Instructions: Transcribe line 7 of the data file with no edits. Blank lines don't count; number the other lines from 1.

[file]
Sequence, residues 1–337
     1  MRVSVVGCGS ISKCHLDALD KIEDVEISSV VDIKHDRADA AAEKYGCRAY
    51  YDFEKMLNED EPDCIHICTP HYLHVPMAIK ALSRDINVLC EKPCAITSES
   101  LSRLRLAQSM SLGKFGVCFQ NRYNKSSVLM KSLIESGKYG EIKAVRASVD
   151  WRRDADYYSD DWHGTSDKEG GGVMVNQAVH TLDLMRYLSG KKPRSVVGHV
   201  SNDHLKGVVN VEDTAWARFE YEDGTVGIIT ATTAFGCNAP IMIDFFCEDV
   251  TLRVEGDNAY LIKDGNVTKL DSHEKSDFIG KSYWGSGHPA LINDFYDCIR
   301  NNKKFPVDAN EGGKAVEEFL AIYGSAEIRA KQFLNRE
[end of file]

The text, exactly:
   251  TLRVEGDNAY LIKDGNVTKL DSHEKSDFIG KSYWGSGHPA LINDFYDCIR